airport_transferbarbathtubbusiness_facilitieschild_activitieschildcareconnecting_roomcribsfree_wifigymhot_tubinternetkitchennon_smokingpetpoolresturantski_in_outski_shuttleski_storagesmoking_areaspastar
Sign In
Sections
Follow Us
Wat Chang Man, Chiang Mai | © Stefan Fussan/Flickr
Wat Chang Man, Chiang Mai | © Stefan Fussan/Flickr
Unsaved itemCreated with Sketch.

Wat Chiang Man: Why Chiang Mai's Oldest Temple is Worth Visiting

Picture of Iona Proebst
Updated: 21 September 2017
Chiang Mai is home to over 300 temples (wats), all of which are distinctly unique and beautiful. Wat Chiang Man is Chiang Mai’s oldest temple and is well worth a visit. Read on to find out why!

Wat Chiang Man, which is also sometimes written as Wat Chiang Mun, is located inside the old city of Chiang Mai. The Buddhist temple dates back to the 13th century and is where King Mengrai lived during the time Chiang Mai was built in the 14th century. Exploring Wat Chiang Man’s many attractions can easily take a few hours and is a brilliant way to not only gain a unique insight into the city’s very first temple but also the culture and history of Buddhism and Chiang Mai. Travel back in time as you wander around the meditation halls, golden stupas and stunning grounds.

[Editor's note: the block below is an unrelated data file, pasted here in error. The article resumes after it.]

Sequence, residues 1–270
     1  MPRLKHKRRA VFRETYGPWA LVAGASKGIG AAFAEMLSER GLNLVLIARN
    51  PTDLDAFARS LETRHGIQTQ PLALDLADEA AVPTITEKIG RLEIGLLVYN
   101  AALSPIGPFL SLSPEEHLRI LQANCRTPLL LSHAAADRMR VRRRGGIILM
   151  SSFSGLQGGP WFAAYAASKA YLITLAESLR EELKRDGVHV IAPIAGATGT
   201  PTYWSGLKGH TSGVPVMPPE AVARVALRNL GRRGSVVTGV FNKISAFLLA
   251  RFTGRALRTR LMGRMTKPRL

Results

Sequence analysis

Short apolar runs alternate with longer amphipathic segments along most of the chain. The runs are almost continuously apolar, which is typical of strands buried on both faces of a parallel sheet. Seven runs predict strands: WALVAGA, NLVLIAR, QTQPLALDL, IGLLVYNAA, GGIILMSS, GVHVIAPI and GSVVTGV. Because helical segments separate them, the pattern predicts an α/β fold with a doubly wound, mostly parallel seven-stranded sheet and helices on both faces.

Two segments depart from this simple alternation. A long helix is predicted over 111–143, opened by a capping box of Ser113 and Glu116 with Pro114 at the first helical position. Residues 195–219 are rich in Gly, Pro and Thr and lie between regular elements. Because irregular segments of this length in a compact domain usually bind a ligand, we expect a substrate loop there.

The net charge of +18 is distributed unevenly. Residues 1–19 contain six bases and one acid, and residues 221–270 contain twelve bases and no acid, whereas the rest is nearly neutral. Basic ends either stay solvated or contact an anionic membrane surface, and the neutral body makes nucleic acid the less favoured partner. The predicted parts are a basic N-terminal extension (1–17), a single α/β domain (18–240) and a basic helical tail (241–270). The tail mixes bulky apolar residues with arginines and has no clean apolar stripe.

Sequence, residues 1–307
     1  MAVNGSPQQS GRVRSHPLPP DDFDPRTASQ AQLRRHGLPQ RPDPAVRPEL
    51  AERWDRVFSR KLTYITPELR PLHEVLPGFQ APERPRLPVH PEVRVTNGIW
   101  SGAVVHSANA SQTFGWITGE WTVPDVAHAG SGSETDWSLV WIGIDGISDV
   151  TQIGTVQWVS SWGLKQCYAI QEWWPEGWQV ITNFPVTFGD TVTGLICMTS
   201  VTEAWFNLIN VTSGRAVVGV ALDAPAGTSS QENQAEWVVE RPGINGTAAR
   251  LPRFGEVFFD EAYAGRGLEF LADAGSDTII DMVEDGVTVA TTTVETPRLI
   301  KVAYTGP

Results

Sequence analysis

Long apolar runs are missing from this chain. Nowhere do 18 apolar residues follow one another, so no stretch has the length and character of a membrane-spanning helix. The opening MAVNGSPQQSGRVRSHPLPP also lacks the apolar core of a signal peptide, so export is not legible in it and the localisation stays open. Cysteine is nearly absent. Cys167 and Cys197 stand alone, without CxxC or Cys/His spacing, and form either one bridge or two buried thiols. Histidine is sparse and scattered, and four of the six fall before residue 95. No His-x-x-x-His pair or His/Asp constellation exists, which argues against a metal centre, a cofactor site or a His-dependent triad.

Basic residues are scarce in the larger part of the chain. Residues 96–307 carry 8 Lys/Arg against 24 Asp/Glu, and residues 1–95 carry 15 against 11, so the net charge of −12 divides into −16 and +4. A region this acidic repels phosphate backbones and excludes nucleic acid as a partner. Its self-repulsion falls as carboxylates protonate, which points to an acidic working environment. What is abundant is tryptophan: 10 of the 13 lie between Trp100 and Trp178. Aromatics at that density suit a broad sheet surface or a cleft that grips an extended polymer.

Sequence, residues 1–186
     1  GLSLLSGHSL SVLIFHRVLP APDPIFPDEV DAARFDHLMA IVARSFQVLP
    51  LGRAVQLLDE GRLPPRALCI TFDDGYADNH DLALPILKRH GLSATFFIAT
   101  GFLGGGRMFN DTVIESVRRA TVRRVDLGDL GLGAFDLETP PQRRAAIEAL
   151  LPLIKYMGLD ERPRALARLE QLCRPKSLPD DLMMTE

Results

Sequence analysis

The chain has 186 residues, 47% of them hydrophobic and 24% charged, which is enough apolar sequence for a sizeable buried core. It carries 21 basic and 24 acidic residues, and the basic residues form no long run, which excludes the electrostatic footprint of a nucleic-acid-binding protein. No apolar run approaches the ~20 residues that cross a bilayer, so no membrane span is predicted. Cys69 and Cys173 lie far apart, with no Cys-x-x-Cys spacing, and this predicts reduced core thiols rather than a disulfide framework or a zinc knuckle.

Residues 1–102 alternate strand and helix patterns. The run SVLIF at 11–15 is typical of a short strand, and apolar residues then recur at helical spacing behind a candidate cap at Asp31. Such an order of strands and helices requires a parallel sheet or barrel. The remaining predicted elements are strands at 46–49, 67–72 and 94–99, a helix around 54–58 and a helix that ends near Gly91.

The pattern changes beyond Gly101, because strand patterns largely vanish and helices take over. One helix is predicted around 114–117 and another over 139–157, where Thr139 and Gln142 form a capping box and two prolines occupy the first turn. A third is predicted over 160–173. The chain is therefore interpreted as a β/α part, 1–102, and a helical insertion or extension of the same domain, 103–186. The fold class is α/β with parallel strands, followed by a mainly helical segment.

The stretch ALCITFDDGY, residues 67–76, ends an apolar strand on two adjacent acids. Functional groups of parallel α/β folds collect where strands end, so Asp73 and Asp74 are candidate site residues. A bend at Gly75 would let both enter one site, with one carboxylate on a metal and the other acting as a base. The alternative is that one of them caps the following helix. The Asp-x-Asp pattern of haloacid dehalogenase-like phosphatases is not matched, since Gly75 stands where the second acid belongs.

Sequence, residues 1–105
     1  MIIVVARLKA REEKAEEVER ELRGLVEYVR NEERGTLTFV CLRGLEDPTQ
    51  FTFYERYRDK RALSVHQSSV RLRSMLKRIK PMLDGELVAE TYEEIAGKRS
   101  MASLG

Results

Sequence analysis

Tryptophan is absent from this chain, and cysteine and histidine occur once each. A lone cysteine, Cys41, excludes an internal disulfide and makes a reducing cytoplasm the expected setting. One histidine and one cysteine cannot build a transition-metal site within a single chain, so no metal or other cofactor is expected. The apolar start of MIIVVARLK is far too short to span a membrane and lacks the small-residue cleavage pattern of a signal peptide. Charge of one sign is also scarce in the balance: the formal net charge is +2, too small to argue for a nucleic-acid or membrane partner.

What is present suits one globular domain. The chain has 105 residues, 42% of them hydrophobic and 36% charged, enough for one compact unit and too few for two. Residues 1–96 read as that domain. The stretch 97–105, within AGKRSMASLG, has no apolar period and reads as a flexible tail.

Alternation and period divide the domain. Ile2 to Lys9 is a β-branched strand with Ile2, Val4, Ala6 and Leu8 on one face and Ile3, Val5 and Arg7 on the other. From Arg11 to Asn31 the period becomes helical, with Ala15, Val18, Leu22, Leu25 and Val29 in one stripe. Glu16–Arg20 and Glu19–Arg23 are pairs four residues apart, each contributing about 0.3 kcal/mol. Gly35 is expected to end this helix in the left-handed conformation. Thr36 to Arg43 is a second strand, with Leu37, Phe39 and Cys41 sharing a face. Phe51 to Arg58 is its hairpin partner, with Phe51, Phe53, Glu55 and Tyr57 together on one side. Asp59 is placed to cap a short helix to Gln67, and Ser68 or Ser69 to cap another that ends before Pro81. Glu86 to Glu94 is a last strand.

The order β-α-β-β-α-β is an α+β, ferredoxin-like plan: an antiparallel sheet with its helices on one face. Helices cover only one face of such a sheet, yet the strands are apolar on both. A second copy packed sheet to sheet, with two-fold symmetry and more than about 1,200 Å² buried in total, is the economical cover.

Inside Wat Chang Man
Inside Wat Chang Man | © 60D Man/Flickr

Of particular interest are the sacred marble Phra Sila and the crystal Phra Satang Man Buddha statues in the smaller meditation halls. The Phra Sila depicts a standing Buddha taming an elephant in bas-relief. The date and origins of the statue are a little unclear with some believing its origins are from India whilst others believing the stone statue came from Ceylon (Sri Lanka). The Phra Sila is from either the 8th or the 10th centuries and is revered for its rain-giving powers. Each year Thailand celebrates the Songkran Festival, or water festival, which marks the turn from the hot dry season to the rainy season in which Phra Sila plays a vital role. The 10-centimeter quartz crystal Phra Satang Man Buddha is believed to have been made around 200 CE for King Ramraj and was transferred in 1296 to Chiang Mai by King Mangrai. Phra Satang Man is revered for its power to protect against disasters. Today the statue has a gold-covered wooden base and canopy which were later additions.

Find your inner calm as you explore the peaceful temple grounds which include the Chedi Chang Lom surrounded by stone elephants. Most temples in Chiang Mai do not have lotus ponds with Wat Chiang Man and Wat Phra Singh being the exceptions.

Once you have explored Wat Chang Man it is only a short walking distance to explore Wat Phra Singh, the Three Kings Monument and the Chiang Mai City Arts & Cultural Centre. There are also numerous cafes in the surrounding area to stop for a refreshing fruit smoothie or fresh coconut.

Wat Chiang Man, 270 Ratchapakhinai Rd, Thesaban Nakhon Chiang Mai, Amphoe Mueang Chiang Mai, Chang Wat Chiang Mai 50200

Temple grounds
Temple grounds | © Aleksandr Zykov/Flickr